Tuesday, March 28, 2017


On Friday evening I participated (in a small way) in the performance of Haydn's Seven Last Words of Christ at my home parish, Old Saint Patrick's here in Chicago. I was asked to give a two minute personal reflection on "My God, my God, why have you forsaken me?" The Haymarket quartet, a newly formed string quartet here in the city, performed the work. David Moss, viola, is a member of our parish and plays regularly at Sunday Mass. This was my view.

I wanted to share my reflection with you.

My God, my God, why have you forsaken me?

For over two millennia, through the works of poets, authors, scripture scholars, and theologians, we have been drawn into the mystery of the incarnation. Simply put, God became human and dwelt among us.

Too often we candy-coat the incarnation by focusing on the fleshly existence of Jesus of Nazareth; he caught colds just like we do; he got sunburns just like we do; he got stomach aches just like we do.

The words from Psalm 22, uttered by Jesus as he hung upon the cross, however, for me at least, are at the heart of what God-becoming-human—the incarnation—is truly all about. For here, from the cross in his last moments of earthly life, Jesus joins the throng of humans who came before him and who would come after him as he utters the single most powerful word in his cry, a word that originates in the deepest recesses of our hearts: “Why?” In that utterance, he becomes as human as any human can become; he enters the everlasting why.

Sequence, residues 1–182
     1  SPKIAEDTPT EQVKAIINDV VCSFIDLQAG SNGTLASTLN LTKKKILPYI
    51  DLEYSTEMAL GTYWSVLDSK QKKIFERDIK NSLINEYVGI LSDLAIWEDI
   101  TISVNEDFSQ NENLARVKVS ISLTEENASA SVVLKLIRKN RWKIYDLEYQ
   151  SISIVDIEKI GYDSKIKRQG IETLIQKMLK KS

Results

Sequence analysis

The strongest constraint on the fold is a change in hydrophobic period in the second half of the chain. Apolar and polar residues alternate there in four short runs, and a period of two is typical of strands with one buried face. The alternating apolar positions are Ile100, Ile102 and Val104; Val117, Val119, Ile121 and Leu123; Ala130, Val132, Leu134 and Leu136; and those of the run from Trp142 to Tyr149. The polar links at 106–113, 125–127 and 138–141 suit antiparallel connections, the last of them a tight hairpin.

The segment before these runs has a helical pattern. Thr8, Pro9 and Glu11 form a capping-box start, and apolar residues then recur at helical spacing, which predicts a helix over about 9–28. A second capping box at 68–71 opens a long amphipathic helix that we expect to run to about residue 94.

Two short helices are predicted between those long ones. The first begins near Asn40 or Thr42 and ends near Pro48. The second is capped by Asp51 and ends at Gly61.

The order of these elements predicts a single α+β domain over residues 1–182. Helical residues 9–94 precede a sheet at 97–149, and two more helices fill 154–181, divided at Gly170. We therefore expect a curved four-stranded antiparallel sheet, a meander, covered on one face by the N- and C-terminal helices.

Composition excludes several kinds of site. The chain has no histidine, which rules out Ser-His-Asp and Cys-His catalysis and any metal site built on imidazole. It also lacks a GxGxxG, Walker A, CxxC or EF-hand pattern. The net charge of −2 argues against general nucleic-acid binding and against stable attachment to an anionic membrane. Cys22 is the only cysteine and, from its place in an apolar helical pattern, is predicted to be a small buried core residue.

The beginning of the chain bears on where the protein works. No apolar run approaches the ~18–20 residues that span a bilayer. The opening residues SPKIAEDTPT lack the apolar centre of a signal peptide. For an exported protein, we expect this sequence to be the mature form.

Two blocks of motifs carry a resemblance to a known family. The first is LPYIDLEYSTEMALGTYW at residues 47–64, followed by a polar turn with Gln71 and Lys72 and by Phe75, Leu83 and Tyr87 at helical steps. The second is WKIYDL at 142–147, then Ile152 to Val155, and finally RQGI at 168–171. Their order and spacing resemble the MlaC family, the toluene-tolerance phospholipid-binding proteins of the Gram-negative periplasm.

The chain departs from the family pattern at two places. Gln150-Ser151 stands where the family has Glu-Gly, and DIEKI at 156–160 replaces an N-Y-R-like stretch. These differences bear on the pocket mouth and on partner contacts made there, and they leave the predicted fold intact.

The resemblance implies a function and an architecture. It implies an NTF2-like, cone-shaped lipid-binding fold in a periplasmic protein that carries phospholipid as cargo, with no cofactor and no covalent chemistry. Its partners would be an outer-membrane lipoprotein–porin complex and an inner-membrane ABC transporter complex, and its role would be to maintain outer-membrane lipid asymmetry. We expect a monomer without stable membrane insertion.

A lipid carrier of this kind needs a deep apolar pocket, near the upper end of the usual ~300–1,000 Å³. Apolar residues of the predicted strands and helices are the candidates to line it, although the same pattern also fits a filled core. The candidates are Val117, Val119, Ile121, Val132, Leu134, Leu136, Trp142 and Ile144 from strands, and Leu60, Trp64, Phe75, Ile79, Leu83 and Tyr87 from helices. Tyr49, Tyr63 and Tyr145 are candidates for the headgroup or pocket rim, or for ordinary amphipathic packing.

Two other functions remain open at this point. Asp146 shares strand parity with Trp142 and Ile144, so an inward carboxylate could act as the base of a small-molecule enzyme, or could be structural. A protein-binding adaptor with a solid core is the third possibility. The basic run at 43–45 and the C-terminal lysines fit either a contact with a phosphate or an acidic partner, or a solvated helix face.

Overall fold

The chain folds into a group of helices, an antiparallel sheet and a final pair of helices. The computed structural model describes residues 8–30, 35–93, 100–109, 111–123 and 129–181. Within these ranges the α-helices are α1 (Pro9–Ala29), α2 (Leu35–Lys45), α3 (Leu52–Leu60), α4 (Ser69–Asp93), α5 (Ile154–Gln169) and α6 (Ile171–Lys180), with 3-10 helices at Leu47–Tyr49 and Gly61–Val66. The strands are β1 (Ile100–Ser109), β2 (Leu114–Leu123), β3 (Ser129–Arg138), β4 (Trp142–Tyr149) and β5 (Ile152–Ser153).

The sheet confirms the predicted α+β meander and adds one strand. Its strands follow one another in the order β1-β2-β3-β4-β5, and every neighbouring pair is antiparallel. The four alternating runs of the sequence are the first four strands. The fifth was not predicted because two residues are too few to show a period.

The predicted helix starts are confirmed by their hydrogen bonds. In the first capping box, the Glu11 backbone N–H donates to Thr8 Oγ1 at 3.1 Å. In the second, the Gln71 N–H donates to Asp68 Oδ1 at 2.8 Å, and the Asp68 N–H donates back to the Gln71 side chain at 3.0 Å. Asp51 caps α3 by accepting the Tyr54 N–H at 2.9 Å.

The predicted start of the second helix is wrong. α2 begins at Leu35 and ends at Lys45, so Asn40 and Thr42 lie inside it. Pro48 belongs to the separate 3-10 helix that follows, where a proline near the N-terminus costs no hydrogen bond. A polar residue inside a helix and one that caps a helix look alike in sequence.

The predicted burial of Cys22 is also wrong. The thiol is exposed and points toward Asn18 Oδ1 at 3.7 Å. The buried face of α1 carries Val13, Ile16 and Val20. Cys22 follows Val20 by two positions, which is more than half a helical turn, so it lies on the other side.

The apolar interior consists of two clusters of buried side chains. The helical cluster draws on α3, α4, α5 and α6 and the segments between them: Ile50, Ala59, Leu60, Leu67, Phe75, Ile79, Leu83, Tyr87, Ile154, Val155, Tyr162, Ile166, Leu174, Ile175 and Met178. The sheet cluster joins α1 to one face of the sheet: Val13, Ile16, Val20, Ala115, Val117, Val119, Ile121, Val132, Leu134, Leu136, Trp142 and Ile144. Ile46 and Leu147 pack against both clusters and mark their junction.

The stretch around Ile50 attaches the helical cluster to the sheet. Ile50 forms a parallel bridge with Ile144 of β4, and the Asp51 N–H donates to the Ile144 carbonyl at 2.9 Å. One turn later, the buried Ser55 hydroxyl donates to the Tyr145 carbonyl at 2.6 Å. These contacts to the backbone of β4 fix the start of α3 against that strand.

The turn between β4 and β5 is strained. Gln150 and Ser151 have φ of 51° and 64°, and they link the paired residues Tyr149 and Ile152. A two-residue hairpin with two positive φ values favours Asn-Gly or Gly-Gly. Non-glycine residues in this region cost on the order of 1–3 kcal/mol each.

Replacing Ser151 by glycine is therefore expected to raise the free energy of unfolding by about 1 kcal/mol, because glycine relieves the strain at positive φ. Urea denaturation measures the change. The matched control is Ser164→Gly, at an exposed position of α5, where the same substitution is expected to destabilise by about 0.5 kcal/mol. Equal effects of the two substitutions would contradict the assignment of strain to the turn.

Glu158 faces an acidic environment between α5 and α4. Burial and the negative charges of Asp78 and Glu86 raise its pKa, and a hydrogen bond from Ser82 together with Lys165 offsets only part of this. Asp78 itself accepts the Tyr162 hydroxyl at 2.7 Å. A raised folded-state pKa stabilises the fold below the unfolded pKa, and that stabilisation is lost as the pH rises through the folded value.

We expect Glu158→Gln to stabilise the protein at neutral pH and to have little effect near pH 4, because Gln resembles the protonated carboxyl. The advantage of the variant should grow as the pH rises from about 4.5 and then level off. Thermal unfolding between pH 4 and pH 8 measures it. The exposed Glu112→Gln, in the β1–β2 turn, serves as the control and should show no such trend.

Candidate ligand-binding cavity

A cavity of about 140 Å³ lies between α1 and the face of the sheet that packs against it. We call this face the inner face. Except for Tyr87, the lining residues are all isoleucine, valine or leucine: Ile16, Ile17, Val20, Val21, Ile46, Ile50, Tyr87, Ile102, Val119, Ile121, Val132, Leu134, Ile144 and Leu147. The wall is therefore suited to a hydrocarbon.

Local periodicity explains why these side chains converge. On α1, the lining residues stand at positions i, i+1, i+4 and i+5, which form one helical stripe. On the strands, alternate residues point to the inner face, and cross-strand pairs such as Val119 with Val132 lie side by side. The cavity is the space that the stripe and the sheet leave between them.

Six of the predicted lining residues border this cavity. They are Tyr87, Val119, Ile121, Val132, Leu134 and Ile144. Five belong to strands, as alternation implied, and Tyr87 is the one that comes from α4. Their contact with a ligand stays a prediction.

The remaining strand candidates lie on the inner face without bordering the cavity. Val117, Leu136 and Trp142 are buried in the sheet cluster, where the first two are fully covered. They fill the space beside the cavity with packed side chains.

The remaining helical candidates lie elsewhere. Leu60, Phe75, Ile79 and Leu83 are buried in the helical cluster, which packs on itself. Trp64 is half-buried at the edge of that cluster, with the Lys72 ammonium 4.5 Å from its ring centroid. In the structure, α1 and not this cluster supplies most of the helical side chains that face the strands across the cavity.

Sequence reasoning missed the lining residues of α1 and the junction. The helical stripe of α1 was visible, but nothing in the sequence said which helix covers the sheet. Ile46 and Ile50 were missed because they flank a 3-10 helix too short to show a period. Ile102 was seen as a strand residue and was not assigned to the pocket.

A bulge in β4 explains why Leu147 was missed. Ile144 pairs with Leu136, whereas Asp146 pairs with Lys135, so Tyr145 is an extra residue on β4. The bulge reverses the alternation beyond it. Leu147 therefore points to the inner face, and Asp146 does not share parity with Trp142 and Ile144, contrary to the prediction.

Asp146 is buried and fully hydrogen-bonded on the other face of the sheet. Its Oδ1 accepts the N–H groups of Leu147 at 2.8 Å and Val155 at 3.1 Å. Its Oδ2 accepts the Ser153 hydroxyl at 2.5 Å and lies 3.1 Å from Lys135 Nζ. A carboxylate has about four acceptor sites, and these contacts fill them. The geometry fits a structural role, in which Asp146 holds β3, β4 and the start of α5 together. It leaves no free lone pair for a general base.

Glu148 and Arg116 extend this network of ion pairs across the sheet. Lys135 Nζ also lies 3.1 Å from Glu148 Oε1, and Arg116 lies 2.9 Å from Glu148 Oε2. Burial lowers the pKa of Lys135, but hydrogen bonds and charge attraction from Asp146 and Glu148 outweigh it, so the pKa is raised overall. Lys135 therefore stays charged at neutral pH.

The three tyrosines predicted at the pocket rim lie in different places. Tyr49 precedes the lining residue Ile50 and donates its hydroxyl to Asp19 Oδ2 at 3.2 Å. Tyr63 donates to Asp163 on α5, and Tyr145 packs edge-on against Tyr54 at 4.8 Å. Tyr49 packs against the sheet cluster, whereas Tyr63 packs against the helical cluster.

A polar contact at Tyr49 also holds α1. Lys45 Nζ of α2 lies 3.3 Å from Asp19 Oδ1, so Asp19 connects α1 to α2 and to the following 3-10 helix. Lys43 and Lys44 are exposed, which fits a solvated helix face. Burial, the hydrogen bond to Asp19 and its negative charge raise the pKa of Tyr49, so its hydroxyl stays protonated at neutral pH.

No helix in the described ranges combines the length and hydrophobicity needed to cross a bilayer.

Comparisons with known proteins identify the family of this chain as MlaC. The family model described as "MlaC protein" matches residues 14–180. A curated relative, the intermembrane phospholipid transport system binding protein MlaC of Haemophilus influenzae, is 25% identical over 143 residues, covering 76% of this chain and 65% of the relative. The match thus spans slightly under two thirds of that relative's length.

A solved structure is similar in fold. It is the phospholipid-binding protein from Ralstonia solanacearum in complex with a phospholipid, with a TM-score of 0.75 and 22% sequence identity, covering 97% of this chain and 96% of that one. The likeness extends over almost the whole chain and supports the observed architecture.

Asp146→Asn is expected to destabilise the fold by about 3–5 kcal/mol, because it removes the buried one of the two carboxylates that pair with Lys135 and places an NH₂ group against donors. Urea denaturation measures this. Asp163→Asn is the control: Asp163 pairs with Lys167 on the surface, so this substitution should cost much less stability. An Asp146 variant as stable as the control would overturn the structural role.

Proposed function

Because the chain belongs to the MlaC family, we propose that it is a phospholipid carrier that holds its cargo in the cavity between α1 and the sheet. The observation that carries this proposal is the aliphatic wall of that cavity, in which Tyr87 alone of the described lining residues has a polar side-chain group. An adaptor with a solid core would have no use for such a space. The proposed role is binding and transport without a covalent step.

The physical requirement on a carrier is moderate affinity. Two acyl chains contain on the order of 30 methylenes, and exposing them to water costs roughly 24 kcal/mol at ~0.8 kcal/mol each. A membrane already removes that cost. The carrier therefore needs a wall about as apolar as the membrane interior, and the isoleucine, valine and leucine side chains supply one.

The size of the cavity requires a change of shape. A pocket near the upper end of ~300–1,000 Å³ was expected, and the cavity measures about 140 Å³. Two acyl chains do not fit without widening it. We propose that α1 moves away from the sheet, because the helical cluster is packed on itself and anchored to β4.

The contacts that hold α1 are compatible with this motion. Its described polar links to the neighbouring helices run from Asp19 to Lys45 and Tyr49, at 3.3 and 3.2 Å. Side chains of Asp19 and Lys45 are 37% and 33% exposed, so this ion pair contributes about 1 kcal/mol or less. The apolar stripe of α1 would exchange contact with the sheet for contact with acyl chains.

My God, my God, why did my youngest sister Joanne’s multiple sclerosis have to lead to such an early and untimely death? My God, my God, why are innocent children dying in the Syrian conflict every day? My God, my God, why have you forsaken us, your beloved children? Why?

Gotta sing. Gotta pray.

1 comment:

Margaret Barry said...

Absolutely beautiful reflection,Jerry - poignant and full of truth and longing.